The study of human social life, groups and societies Deals with your environment, friends, life issues More of the risk of taking drugs
Addiction is a primary, chronic disease of brain reward, motivation, memory and related circuitry Changes in the brain resulting in a compulsive need to use drugs Depends on two main biological factors: 1.Effects of drugs on the individual 2.Biological status of the individual (inherited characteristics)
Made up of billions of neurons They pass messages back and forth to different systems These networks regulate what we feel, think and do Neurotransmitters-chemicals that carry messages between neurons Receptors-bind with certain neurotransmitters Sending a message: ◦ Neurotransmitter released ◦ Jumps synapse ◦ Attaches to receptor ◦ Causes changes in receiving brain cell ◦ Message delivered
When we participate in life-sustaining activities our brain treats it with a pleasurable “reward” The brain releases dopamine as a reward ◦ Dopamine is a neurotransmitter present in regions of the brain that regulate movement, emotion, cognition, motivation and feelings of pleasure Drugs interfere the way nerve cells normally communicate Drugs can target the reward system with dopamine Drugs release 2-10 times more dopamine than natural rewards do and can last longer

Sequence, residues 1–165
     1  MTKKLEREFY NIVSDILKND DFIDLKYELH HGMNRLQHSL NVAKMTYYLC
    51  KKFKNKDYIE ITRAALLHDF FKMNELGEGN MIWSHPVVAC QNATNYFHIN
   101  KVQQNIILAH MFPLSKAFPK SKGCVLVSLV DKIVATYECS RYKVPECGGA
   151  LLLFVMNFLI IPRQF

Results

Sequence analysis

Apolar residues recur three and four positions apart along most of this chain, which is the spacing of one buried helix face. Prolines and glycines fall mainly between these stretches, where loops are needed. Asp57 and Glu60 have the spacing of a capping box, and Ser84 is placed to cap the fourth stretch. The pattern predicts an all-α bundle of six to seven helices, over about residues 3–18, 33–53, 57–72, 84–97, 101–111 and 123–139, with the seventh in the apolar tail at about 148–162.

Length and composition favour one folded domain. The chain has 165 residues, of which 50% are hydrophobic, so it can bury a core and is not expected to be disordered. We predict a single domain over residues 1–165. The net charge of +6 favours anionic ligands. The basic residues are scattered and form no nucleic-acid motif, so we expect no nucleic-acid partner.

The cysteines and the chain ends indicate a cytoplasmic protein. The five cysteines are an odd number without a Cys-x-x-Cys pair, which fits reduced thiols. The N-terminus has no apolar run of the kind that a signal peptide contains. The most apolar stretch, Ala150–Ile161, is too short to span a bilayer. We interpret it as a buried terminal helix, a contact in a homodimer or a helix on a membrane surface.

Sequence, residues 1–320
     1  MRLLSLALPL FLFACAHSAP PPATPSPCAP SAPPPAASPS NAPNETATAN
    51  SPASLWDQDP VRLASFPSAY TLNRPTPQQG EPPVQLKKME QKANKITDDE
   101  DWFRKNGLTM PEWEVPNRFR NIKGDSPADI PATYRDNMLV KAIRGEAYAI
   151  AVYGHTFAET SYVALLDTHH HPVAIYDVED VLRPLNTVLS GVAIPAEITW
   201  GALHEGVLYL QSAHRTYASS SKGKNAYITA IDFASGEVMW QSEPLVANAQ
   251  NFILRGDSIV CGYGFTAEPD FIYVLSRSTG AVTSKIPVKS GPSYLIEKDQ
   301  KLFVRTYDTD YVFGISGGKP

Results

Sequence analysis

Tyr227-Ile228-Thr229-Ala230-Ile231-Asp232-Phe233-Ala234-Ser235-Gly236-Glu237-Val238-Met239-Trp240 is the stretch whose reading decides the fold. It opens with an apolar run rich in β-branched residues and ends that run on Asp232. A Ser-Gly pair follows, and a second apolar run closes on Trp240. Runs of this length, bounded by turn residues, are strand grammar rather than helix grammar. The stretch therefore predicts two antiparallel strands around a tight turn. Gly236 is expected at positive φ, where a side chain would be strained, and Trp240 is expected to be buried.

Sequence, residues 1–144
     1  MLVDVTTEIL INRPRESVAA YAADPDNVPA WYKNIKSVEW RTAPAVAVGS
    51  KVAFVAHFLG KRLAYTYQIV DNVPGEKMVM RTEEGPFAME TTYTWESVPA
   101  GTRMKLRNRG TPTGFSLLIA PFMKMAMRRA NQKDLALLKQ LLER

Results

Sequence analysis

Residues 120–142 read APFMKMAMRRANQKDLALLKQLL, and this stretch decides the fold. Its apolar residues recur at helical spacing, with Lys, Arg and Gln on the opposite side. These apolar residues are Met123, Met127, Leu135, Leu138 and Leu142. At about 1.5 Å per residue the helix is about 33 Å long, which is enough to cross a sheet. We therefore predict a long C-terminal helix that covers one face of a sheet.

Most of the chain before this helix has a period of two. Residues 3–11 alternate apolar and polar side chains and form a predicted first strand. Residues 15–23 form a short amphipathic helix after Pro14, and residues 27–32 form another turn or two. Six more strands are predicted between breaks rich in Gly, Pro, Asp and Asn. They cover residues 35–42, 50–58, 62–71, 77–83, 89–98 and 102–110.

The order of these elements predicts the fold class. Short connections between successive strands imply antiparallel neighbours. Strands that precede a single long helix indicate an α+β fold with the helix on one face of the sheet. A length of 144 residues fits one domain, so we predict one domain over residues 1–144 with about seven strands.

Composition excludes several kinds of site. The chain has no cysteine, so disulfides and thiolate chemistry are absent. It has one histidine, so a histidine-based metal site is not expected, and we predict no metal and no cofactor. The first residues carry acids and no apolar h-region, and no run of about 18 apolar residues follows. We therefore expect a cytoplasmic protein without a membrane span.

Drugs such as, heroin and marijuana, can activate neurons because their chemical structures mimic that of a natural neurotransmitter ◦ Attaches to receptor and activates nerve cell in an unnatural way ◦ Abnormal messages are transmitted Drugs such as, cocaine and amphetamine, can cause nerve cells to release abnormally large amounts of natural neurotransmitters or prevent the normal recycling of these chemicals ◦ Produce a greatly amplified message ◦ Disrupts communication channels
Prefrontal Cortex ◦ a “pleasure centre” ◦ Develops during adolescence ◦ While developing there is a chemical imbalance ◦ Substance use during this time can impair future decision making and other functions A person who starts drinking at age 13 has a 43% chance of becoming an alcoholic A person who starts drinking at age 21 has a 10% chance of becoming an alcoholic
Account for 40%-60% of the likelihood of developing an addiction There are multiple genes that control various aspects of the biological response to drugs or the physiological predisposition to become an abuser Genetic factors don’t ensure addiction, just as lack of them don’t prevent addiction Certain genes make it harder for a user to stop using drugs Diversity of molecular components involved in addiction ◦ Neurotransmitters ◦ Desensitization of targets for many drugs
How researchers proved that addiction is hereditary Constructed from large families with addiction problems Shows recurring traits
Scientists have found more than 80 of these genes Each of these genes contain clustered single nucleotide polymorphisms that display significant allele frequency differences between abusers and non-abusers Implicated with many cellular functions, including adhesion ◦ Establish and maintain neuronal connections of significance to addiction’s “memory” function